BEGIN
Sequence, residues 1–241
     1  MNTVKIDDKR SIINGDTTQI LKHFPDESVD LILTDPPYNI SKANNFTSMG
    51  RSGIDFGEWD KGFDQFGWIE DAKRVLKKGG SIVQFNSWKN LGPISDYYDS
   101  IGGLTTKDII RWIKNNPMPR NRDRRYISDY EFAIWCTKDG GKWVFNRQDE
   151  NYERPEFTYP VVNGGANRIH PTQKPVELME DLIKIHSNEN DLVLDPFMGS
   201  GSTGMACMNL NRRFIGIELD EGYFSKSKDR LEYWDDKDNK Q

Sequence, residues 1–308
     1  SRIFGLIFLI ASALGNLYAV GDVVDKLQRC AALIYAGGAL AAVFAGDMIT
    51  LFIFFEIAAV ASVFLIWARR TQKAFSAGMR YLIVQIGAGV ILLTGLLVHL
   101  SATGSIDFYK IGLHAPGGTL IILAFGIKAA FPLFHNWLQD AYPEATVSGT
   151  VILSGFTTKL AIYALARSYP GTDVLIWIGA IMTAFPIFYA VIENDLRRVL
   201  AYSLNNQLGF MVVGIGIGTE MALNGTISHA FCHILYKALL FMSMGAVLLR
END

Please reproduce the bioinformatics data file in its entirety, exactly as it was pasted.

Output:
Sequence, residues 1–241
     1  MNTVKIDDKR SIINGDTTQI LKHFPDESVD LILTDPPYNI SKANNFTSMG
    51  RSGIDFGEWD KGFDQFGWIE DAKRVLKKGG SIVQFNSWKN LGPISDYYDS
   101  IGGLTTKDII RWIKNNPMPR NRDRRYISDY EFAIWCTKDG GKWVFNRQDE
   151  NYERPEFTYP VVNGGANRIH PTQKPVELME DLIKIHSNEN DLVLDPFMGS
   201  GSTGMACMNL NRRFIGIELD EGYFSKSKDR LEYWDDKDNK Q

Sequence, residues 1–308
     1  SRIFGLIFLI ASALGNLYAV GDVVDKLQRC AALIYAGGAL AAVFAGDMIT
    51  LFIFFEIAAV ASVFLIWARR TQKAFSAGMR YLIVQIGAGV ILLTGLLVHL
   101  SATGSIDFYK IGLHAPGGTL IILAFGIKAA FPLFHNWLQD AYPEATVSGT
   151  VILSGFTTKL AIYALARSYP GTDVLIWIGA IMTAFPIFYA VIENDLRRVL
   201  AYSLNNQLGF MVVGIGIGTE MALNGTISHA FCHILYKALL FMSMGAVLLR